It seems to me that their onslaught would have hit hardest among those in their 20s and early 30s, the same group, as it happens, that is evenly divided. I can't say for sure, but I would opine that this factor has gone a long way toward keeping opposition among this group so much below the middle line around which everybody else seems to hover. The question that I entered into this analysis to address is what this means for their future opinions.

Well, of course, the greatest determination will be what happens over the next decade or so. Nonetheless, if we assume that the lifeline, as opposed to the historical, analysis is strongest among this group, some hope emerges for conservatives: Uncertainty, here, is higher than for any other section under 70 years of age. Moreover, the "don't know" line more or less increases with age, before dropping dramatically among early thirtysomethings — the very same group that initiates the nearly 30% climb in opposition to gay marriage.

We can't put too much weight on this single poll — or on any polls for that matter. Society is in constant flux. But it seems to me at least plausible that, as this group enters into full adulthood — with all of the experiences and responsibilities that it entails — it will rebound to at least the median line. My own opinion, as a conservative Catholic convert who is still a few years away from the age at which the opposition to gay marriage currently takes off, is that mine will prove to be the most socially conservative generation that the country has seen in many decades.

Once we've fully shaken off the cultural dictates of the Boomer establishment, we'll see the fantasies through clarity provided by first-hand experience of their repercussions. No illusions have we. We have witnessed the horrible results that wishful-thinking weakness can beget, crystallized in attacks that killed or threatened many of our number. We are finding religion only to experience the scorn of our nation's elite. We are watching as popular culture hits the bottom and begins clawing at it, and while high culture and academia drift off into palpable nonsense.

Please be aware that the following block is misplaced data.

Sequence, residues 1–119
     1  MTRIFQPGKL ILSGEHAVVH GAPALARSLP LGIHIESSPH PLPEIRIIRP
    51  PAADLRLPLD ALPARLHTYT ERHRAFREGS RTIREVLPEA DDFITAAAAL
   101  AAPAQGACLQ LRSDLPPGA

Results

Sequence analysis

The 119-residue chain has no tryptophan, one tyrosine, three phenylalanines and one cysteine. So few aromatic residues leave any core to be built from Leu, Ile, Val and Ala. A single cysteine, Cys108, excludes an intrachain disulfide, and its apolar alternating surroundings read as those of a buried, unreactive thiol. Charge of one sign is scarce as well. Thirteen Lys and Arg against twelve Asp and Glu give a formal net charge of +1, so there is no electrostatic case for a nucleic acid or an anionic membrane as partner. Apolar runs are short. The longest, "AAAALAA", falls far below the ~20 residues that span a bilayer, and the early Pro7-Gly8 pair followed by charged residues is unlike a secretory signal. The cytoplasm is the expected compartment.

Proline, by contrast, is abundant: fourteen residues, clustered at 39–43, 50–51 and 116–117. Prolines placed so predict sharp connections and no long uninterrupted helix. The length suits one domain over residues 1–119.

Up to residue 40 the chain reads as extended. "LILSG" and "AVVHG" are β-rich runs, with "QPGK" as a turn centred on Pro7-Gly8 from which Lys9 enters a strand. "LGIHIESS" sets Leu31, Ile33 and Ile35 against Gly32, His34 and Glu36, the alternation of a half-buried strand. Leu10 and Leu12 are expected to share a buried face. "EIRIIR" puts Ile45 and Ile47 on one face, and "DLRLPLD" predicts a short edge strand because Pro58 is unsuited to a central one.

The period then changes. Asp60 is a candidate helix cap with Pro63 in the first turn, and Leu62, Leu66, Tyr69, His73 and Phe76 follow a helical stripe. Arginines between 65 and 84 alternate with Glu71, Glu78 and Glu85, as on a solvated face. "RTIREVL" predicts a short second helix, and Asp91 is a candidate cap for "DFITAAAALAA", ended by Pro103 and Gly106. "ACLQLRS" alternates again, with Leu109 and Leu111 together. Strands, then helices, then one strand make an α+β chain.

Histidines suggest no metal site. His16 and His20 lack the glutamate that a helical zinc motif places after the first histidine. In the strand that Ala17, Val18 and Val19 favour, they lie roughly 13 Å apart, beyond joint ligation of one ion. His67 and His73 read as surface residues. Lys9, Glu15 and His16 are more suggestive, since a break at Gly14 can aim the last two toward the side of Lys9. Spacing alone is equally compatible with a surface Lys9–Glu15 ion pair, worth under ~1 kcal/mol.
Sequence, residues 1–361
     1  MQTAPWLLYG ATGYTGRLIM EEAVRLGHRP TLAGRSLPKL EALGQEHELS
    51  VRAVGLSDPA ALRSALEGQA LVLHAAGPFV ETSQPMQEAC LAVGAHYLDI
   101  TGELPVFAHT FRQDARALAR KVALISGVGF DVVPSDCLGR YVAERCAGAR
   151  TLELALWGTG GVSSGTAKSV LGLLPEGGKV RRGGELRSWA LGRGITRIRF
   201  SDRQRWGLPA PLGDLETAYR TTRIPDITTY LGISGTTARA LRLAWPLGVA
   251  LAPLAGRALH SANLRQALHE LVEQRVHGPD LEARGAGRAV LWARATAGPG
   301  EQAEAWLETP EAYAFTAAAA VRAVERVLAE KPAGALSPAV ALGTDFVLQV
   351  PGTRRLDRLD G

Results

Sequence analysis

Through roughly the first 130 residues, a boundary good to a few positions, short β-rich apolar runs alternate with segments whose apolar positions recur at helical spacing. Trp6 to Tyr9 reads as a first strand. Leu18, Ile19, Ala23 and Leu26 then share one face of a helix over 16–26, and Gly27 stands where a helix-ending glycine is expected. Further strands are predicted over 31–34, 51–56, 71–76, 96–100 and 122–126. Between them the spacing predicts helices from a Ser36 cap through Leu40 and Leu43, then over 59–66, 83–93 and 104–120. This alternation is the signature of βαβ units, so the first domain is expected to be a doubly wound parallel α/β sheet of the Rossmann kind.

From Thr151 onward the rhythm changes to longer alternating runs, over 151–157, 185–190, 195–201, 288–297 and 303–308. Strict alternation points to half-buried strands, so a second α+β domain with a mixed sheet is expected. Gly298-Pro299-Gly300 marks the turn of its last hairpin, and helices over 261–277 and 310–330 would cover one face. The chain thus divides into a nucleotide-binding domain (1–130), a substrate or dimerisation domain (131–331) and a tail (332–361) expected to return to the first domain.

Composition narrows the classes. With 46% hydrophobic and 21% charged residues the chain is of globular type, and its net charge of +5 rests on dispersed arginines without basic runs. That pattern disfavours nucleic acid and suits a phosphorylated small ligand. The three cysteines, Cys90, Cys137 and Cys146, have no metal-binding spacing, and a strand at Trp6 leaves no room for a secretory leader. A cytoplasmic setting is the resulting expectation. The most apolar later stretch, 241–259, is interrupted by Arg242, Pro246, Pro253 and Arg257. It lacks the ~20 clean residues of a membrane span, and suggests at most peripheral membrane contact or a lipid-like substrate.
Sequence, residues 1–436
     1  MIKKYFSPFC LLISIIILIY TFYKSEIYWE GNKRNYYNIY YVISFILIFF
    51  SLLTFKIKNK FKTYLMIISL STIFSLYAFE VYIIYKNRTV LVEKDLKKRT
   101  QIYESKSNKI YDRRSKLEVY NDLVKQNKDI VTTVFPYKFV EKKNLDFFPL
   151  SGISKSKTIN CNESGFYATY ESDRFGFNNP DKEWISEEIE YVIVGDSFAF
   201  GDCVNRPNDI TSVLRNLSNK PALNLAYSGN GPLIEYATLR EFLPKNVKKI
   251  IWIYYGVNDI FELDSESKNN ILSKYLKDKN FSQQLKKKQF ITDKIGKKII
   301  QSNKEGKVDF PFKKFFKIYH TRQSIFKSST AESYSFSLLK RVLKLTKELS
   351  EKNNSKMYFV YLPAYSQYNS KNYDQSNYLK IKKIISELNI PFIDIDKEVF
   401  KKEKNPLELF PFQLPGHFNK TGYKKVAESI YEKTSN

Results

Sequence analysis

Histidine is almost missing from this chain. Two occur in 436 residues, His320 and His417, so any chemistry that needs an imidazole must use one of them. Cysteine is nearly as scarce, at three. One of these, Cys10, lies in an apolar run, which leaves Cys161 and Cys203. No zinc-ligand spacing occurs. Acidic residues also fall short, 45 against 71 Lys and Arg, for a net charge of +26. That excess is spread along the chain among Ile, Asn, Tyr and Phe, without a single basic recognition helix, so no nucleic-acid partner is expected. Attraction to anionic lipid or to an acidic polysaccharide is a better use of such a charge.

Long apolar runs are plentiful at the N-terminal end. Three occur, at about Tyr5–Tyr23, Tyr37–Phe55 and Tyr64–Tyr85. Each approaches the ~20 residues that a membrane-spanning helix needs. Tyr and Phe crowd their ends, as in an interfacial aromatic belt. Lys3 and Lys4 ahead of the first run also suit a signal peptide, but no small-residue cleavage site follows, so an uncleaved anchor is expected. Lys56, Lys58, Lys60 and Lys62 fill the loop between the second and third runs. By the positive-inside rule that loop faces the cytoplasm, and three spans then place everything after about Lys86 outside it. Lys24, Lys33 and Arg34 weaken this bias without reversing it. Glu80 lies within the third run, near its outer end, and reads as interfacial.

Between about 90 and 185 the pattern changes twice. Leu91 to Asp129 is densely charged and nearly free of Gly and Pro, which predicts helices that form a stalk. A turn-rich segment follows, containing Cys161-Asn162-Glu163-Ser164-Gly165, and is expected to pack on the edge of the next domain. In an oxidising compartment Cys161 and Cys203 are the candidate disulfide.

All of us could have been aborted on a whim; some of us will learn, or have learned, that our siblings were. The wet dreams of our parents have been saturated with danger for us; we've felt that cold sweat when the blood results arrived. Our parents have divorced — some to enter into homosexual relationships.

To be sure, none of this belongs on the shoulders of people who are gay. Yet, it falls there because so much of it comes together in the issues in which they are involved. Mine has learned from previous generations that people ought to be free to live in ways with which we disagree. However, we have seen for ourselves that this freedom taken too far begins to affect us all, that the society does have legitimate claims on behavior the public sphere.

No honest thinker can deny that deception and delusion abound as our cultural pendulum swings out beyond the supporting beams of society. We who are "equally divided" have a central perch from which to watch attempts to sweep away a tradition that we are just beginning to explore, with the speed of change apparently justified on the basis of some strange fairy tale about a world without consequences.

Posted by Justin Katz @ 12:03 AM EST